5 ways nurses can drive patient safety

October 31, 2017 |  Nursing, How to

Nurse standing next to a patient while holding her hands in hospital ward.jpeg Of all caregivers, nurses tend to have the most interactions with patients. They're the ones that inpatients call if something is wrong, and they are also often the point of contact for the patient’s family. So nurses have perhaps the greatest opportunity to create a safer environment for patients.

Being at the forefront of patient encounters, nurses can push change forward by using technology to drive patient safety protocols. Here are a few effective ways to do it:

Embrace a web-based EHR

Implementing a web-based EHR will help to integrate a patient’s care across the continuum. No matter what a nurse's specialty is, best practice content will be embedded into their workflow. Web-based tools such as tablets and other devices also give them the mobility they need to focus on their patient, to talk and listen rather than document. For example, nurses can sit with a patient at the bedside and review test results, discuss medications and how to manage pain, and manage their expectations more effectively while talking face-to-face. 

Employ bedside verification

By scanning barcodes on patient wristbands and medication labels, nurses can verify all requirements of safe medication administration, as well as view vital lab results and diagnostic reports.

Also, using an EHR with a mobile component will help them to conveniently review and document care from smartphones using web-based tools. For example, if a nurse gets a call from a patient asking for pain medication, the nurse can quickly grab that med and use the device to scan the patient, the med, and document administration within just a few moments. 

Use surveillance tools

An EHR with a real-time surveillance component enables nurses to quickly monitor and identify patients who may be trending toward a bad outcome, such as sepsis or another potentially life-threatening condition. As surveillance quality boards analyze key clinical and demographic data across the EHR, patients who require attention are flagged. In addition, a solution with actionable boards can speed interventions through on-the-spot ordering, documenting, or messaging of the care team.

Monitor patients with watchlists

A watchlist can automatically generate a list of patients that need immediate attention from a quality and safety perspective. Watchlists can be built around fall risks, restraints, sepsis, or any other potential danger that a nurse deems important. This tool can save nurses a tremendous amount of time over manually reviewing information and creating lists. With manual lists, as soon as they are printed off, the information is outdated. Watchlists created in real time give nurses the most recent patient information at their fingertips, including up-to-date lists of patients that they can monitor proactively.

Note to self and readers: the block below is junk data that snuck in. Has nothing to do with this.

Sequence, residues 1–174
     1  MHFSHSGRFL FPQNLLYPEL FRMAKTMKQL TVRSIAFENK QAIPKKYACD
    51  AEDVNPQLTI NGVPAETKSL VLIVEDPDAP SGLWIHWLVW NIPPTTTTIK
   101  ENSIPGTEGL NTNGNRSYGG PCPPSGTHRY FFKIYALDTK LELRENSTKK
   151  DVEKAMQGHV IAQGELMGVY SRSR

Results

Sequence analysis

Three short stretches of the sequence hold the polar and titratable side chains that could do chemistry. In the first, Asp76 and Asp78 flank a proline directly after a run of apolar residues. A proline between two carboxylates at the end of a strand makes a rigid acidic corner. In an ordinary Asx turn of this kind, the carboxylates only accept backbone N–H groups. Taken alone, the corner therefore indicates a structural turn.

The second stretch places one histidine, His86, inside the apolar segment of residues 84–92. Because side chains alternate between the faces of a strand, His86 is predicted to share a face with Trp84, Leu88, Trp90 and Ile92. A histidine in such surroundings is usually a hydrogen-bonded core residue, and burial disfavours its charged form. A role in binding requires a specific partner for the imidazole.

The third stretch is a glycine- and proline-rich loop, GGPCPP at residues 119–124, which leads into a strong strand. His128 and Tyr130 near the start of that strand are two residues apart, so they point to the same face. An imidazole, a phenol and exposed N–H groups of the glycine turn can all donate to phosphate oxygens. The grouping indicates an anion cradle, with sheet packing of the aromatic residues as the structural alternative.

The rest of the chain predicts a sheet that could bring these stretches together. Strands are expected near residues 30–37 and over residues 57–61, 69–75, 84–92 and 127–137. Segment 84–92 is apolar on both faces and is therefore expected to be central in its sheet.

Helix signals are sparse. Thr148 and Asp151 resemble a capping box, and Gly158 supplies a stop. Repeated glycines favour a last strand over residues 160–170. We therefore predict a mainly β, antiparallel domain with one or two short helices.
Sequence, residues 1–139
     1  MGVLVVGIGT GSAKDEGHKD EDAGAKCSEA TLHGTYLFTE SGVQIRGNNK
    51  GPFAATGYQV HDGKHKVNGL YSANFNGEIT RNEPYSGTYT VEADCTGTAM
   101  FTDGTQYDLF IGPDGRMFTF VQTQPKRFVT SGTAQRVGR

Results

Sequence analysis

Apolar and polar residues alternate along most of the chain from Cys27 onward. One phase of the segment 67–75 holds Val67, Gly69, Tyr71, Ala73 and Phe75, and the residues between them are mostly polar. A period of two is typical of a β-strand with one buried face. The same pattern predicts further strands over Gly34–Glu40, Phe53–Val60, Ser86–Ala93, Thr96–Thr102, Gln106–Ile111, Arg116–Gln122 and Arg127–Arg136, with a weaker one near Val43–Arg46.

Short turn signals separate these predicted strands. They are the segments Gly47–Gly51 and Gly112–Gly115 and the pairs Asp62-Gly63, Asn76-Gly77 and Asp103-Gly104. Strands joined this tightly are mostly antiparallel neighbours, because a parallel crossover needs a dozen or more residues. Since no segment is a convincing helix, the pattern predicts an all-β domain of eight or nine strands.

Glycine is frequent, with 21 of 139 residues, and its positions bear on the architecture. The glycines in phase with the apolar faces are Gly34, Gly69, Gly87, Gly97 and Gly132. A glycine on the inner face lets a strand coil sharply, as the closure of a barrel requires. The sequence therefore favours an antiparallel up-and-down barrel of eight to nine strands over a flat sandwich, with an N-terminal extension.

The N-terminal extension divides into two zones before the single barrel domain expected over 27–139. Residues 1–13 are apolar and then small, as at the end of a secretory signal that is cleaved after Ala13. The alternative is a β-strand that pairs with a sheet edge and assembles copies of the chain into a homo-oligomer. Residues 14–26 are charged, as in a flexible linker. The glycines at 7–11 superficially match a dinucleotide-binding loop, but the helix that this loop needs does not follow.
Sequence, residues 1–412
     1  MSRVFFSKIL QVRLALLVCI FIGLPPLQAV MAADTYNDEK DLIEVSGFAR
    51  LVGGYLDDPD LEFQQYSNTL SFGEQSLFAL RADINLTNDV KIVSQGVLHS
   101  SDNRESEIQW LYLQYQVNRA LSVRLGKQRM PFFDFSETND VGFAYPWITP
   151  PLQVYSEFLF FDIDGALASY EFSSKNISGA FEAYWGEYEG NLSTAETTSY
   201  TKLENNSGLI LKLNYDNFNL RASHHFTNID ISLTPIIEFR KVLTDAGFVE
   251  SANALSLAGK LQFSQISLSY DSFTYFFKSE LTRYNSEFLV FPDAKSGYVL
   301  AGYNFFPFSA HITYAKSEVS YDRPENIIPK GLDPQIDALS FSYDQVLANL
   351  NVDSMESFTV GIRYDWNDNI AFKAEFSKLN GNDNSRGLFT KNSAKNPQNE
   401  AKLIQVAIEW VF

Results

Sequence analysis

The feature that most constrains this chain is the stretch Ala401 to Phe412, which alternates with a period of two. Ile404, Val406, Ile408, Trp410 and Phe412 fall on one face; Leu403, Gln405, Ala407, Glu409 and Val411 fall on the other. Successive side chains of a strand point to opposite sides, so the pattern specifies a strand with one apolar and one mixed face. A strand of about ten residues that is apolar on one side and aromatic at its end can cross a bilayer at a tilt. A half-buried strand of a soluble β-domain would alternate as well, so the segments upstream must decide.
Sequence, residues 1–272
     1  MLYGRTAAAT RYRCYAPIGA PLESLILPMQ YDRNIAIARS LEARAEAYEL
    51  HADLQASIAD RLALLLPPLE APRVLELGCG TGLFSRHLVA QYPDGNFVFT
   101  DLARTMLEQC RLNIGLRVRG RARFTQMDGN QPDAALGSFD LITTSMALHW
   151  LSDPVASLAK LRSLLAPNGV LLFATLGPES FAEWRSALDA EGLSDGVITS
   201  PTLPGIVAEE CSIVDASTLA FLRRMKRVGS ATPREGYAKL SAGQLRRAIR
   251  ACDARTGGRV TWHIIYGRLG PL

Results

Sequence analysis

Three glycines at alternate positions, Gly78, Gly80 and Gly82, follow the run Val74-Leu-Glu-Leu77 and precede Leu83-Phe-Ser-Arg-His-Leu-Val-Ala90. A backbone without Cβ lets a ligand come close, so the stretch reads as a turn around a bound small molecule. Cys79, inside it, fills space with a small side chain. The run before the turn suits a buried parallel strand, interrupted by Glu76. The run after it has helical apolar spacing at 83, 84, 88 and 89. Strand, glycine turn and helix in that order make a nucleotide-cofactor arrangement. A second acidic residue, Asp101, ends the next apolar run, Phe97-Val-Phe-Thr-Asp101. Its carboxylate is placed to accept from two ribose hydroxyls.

Implement toolkits

Evidence-based toolkits that are built directly into the EHR help clinicians to take a broader look at all the factors that go into adverse events and patient safety issues. These toolkits typically consist of optimal workflows, standard content, educational webinars, and other supplemental materials to help an organization improve outcomes and conserve resources.

A nurse's top priority is to provide safe, quality care for their patients. Toolkits will help them to reduce errors, improve transitions of care, and ensure that the patient is always kept at the center of the care process.

Interested in how nurses and nurse leaders can improve safety, even in the midst of the opioid epidemic? Read our special report.

Download the Opioid Crisis Special Report

Written by Cathy Turner, BSN, MBA, RN-BC, Chief Marketing and Nursing Executive, MEDITECH

Cathy Turner, BSN, MBA, RN-BC is a member of the Healthcare Information Management System Society (HIMSS) and the American Nursing Informatics Association (ANIA), as well as chief executive of MEDITECH’s marketing and nursing departments. Cathy has been named a recipient of the 2023 HIMSS Changemaker in Health Award.
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